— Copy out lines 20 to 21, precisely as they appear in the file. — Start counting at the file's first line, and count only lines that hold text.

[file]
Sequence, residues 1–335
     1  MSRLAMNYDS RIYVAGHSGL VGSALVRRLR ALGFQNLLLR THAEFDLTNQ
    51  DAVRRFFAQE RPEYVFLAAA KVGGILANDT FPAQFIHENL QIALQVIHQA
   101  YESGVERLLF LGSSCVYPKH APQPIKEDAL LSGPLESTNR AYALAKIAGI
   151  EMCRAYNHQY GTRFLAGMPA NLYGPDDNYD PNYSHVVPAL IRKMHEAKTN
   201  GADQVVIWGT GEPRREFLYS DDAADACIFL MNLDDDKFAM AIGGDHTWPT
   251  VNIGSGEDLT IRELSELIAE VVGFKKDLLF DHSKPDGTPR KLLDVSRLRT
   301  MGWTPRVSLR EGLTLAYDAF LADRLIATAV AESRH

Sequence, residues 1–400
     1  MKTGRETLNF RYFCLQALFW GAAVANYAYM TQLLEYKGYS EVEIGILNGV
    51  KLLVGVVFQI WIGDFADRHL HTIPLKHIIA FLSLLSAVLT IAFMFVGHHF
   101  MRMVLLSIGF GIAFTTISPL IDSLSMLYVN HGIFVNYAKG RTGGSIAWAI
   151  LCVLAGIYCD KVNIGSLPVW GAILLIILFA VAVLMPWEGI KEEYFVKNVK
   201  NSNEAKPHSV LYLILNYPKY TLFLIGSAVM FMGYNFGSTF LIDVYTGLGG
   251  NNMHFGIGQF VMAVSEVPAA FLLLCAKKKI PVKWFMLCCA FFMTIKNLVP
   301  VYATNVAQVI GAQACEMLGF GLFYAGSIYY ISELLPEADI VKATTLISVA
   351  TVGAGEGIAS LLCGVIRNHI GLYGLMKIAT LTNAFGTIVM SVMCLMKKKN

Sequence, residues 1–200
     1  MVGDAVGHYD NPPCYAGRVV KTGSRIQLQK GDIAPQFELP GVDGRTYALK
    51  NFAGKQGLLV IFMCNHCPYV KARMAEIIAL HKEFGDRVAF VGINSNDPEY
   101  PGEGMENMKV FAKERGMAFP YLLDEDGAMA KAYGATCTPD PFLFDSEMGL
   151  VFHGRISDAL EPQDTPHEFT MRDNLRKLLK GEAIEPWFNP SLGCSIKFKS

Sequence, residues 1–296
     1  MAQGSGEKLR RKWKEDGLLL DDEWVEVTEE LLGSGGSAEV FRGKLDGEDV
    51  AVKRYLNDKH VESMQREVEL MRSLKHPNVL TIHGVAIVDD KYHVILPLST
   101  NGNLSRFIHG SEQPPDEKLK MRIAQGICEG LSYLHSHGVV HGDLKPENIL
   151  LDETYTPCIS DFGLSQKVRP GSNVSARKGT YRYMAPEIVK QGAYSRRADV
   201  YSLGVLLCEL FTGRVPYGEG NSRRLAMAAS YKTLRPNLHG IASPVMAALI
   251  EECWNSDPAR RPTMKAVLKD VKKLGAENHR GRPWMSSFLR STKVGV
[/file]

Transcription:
    51  NFAGKQGLLV IFMCNHCPYV KARMAEIIAL HKEFGDRVAF VGINSNDPEY
   101  PGEGMENMKV FAKERGMAFP YLLDEDGAMA KAYGATCTPD PFLFDSEMGL